A Happy Garden

Warning: lots of pictures in the post! 

My garden is beautiful. Thanks to my awesome friends at my “Help Jenny With Her Garden” party, my garden is simply flourishing out in the front yard. I had a beautiful, bountiful harvest all during fall and winter, and I’m sad I didn’t document it very well. Here are the few shots I did happen to get on my iPhone:

Beautiful tomatoes all winter long
Baby carrots
Peas in a pod
Zucchini in December
Luffa gourds to luffa sponges

Now it’s spring and I’m waiting to harvest the last round of winter planting:

Oregon Sugar Pod Peas
Little broccoli offshoots
Red Creole Onions
Chard
More carrots :)
Cherry Tomatoes

New spring arrivals:

Tomato, eggplant and pepper seedlings
Rattlesnake bean blossoms
Sweet peas
Green-striped Cushaw squash seeds

New friends (due to an aphid problem):

How many ladybugs can you spot? (pun intended)

And lastly, flowers from the back porch that were just too beautiful to ignore:

Nasturtiums
Midnight-Velvet petunias
Sunflowers amidst weeds in my old garden area

I love my garden.

Project of the Week

Actually, make that “Project of the Past Two Weeks”.

Tada! In case you’re wondering what it is, it’s a combo trellis for my garden (cucumbers and squash, specifically) and shade for our front door/window, which get quite toasty in the summer. I got the idea from here. Phil’s sister sent me that link last year and I found it tucked away in my “Projects” folder in Evernote. See, you just never know when you’re going to come back to something.

I started building the frame last Monday when Phil was out of town. Now while I enjoyed the freedom to do it completely MY way and not his super logical way, I did have to go back and undo things quite a few times. My biggest mistake, probably, was building half the frame indoors. Maybe.

At the time it made total sense to me. It kept me in the nice cool house. It was a bit warm outside, and I was being sun-cancer conscious and staying out of the harmful UV rays. But then I need to move it outside. All by myself. A big 7 foot by 8 foot frame. And no, I did not break anything. That was Phil’s first question when I told him my process.

Then I had to add on the other half. Many other “Oh crap, I should’ve done it that way” moments came to me during the rest of this. But I will save those for a conversation over wine.

Next step was painting a color that matched the house. It didn’t really turn out looking any different than the original wood color, but it does give a little bit more finished look to it. Then the rain/snow came last weekend and halted my progress. But Friday was beautiful outside so both Phil and I went to staple down the metal fencing wire mesh stuff. This was the whole point of this entire project – a trellis for my garden. The cucumbers and squash I plant are vining varieties and so will eventually climb and provide shade. Phil had the great idea of adding the shade cloth though. So back to Home Depot I went to get shade cloth. Then back another time to get those special fasteners for shade cloth that I thought I should get but decided I didn’t need them because we had a staple gun. (I was wrong, btw). And then back a 3rd time to get another pack because, again, I ignored that little voice of logic in my head that said, “Hmmm, maybe you should get two just in case”. Damn logic gets me every time.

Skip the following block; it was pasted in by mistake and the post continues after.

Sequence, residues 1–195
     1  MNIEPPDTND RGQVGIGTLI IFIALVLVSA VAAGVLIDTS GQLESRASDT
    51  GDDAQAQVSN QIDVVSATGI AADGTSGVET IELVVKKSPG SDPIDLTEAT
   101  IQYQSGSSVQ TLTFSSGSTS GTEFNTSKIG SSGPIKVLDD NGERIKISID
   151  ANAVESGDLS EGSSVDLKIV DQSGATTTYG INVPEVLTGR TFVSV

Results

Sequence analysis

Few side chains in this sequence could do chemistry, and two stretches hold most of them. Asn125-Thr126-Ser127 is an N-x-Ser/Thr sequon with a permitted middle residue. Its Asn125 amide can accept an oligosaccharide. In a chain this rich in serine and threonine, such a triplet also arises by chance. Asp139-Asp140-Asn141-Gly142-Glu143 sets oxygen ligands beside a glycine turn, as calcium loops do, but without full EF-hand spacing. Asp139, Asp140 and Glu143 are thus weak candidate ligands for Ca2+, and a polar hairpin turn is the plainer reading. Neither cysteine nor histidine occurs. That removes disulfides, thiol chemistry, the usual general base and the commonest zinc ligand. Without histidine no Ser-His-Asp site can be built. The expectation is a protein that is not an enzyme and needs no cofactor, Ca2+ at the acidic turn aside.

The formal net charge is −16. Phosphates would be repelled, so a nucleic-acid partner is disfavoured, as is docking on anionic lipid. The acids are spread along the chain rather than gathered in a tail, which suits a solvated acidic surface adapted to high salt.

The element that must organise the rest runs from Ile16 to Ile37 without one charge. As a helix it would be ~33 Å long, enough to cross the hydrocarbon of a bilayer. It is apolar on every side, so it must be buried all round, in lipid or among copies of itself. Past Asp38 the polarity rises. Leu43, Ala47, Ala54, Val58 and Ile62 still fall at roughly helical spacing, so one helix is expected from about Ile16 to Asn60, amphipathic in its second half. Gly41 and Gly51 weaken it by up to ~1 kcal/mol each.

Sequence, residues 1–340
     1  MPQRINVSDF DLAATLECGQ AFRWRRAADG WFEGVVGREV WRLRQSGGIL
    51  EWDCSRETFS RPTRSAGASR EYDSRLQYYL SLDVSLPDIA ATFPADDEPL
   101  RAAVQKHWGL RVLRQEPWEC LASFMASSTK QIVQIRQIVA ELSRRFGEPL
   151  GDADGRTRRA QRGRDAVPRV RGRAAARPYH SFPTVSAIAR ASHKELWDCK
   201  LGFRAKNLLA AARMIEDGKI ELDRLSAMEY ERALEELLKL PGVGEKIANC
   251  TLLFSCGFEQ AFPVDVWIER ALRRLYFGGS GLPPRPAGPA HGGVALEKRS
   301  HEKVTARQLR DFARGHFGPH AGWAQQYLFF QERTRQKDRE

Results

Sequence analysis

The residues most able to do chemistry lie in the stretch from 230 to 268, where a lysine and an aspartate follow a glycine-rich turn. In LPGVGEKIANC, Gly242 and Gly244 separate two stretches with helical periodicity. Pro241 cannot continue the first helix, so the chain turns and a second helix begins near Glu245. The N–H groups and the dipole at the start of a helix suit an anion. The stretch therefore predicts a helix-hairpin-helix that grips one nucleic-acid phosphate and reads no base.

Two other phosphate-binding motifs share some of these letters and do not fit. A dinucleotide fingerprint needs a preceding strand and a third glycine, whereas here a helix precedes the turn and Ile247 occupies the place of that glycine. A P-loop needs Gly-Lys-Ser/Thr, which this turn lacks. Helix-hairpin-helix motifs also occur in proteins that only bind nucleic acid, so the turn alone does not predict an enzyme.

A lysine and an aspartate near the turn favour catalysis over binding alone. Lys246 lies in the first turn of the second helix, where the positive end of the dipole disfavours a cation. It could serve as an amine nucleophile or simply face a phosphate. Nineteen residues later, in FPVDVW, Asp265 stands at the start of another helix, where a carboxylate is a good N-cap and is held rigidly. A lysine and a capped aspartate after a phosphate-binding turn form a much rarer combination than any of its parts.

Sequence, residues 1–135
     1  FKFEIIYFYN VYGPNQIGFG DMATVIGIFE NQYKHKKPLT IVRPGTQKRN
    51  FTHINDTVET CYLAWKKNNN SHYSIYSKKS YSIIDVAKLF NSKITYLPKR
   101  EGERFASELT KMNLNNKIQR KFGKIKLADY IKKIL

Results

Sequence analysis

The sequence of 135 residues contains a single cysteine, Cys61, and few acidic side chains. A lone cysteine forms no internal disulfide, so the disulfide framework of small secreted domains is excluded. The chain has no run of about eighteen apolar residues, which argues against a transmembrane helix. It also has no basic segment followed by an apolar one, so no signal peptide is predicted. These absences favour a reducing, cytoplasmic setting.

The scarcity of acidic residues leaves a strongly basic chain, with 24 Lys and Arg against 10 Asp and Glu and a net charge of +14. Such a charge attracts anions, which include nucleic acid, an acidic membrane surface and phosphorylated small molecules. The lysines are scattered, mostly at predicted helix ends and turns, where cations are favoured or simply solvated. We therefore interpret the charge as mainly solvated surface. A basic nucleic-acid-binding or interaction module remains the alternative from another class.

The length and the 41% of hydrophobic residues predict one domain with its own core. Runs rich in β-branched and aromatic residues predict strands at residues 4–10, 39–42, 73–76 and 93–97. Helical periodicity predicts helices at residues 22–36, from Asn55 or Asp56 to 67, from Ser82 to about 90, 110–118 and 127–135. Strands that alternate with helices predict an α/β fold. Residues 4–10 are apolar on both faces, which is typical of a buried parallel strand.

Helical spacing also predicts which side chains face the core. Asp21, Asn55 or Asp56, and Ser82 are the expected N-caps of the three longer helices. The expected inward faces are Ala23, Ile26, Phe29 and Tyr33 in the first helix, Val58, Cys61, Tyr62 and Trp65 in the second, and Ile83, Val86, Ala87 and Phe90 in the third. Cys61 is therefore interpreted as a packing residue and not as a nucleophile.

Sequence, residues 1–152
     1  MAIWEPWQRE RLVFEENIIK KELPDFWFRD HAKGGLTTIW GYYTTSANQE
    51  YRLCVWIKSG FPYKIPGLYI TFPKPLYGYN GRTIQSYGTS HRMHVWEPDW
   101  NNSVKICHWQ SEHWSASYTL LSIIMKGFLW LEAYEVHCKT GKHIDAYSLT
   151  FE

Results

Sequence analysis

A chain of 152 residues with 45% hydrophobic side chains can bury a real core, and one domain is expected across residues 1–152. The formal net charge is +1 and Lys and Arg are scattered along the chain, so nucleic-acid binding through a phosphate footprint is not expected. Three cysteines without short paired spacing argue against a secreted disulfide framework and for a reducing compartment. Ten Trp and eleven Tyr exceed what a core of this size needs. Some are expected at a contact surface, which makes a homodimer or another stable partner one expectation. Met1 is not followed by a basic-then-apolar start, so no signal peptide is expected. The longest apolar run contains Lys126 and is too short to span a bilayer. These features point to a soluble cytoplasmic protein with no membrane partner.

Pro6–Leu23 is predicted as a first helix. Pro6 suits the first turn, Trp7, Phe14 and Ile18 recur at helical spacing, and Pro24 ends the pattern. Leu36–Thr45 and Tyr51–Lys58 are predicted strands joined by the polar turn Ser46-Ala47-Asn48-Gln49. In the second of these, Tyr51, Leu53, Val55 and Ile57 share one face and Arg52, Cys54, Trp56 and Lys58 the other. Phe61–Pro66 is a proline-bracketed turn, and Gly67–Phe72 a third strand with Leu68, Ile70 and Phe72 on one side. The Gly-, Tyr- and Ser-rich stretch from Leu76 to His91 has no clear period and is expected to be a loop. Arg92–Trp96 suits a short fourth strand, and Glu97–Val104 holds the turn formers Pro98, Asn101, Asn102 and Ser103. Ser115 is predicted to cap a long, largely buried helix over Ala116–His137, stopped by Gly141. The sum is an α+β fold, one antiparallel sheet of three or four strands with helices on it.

Side note: We both, even in all Phil’s logical glory and super translucent skin, forgot to put on sunscreen. We totally fried. Now you see how genius it was of me to build the thing indoors.

Anyway, many more hours ensued between putting the entire thing into the ground, attaching the cloth, deciding to attach it up to the roof, perfecting it, etcetera, etcetera. Phil is still not done perfecting it, but I’m happy. I’m loving the shaded front porch and added privacy!

And here is a teaser for a very overdue garden post:

Red Creole Onions

New Garden Location = Success!

The garden in the front yard is flourishing! I finally feel like a real gardener! Everything I planted is growing. I’m thinning plants. Already there are baby cucumbers. There is a nice butternut squash growing. I already harvested radishes. There are little and big sprouts of things everywhere!

Although, there is one problem in paradise. One side of my garden is not growing as well as the other. I know it’s not the sun or water, so it’s got to be the soil. My thoughts are either too much compost or not enough. Something ain’t right. So my first solution will be to get some good organic miracle grow soil and put it down. I’m not complaining, though!

So here are some pics of my first harvest. I had to thin out some of the greens, and the radishes were peeking their little tops above the soil, saying “pick me, pick me!”. So I did.

baby Red Russian kale and Cherry Bell radishes

 

baby kale, radishes, and TONS of baby bok choy!

See the basket of greens to the left in the pic above? That’s all bok choy.

Can’t wait to try out this recipe for Sausage, Potato and Kale Soup. And this Kale and Parmesan Frittata. Now to find recipes for bok choy!

Bountiful and Bountifail (Garden) Part 10

Baby watermelon, along with baby bell peppers, are the cutest thing in the world! This is a Sugar Baby Watermelon. I’m so excited for these! Watermelon is my favorite fruit (and for those that know me, there is a very limited selection of fruit I like). This will only grow to about 8″, which I prefer. I can trellis it since the melons don’t get very heavy. It will also turn almost black when it’s ripe. I’m so excited! Oh, I said that already.